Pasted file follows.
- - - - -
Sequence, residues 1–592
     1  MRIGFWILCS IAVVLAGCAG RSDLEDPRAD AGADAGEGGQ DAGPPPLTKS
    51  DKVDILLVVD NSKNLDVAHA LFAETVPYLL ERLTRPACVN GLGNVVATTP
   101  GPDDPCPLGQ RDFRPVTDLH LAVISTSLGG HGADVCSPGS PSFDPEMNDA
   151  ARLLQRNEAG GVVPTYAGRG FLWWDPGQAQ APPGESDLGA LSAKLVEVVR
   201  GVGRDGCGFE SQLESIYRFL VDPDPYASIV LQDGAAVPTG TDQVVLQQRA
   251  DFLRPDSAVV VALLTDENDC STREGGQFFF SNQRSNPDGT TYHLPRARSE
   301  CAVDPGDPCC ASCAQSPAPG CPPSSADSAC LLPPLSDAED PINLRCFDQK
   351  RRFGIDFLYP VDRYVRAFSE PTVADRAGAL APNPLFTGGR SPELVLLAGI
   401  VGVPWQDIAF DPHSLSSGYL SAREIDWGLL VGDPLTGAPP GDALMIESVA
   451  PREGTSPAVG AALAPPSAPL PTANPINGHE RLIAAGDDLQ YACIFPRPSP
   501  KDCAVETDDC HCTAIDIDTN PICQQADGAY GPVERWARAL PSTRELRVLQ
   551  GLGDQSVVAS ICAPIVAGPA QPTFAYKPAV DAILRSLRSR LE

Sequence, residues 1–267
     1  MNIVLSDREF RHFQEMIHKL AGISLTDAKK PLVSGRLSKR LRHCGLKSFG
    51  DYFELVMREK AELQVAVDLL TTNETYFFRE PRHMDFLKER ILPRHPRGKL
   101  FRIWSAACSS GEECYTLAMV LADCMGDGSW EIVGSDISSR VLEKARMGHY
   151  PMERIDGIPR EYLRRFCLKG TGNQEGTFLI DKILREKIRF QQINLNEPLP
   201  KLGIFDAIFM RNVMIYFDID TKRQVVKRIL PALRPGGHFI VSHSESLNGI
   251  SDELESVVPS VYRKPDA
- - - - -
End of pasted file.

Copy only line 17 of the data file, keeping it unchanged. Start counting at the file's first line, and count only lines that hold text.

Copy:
   101  FRIWSAACSS GEECYTLAMV LADCMGDGSW EIVGSDISSR VLEKARMGHY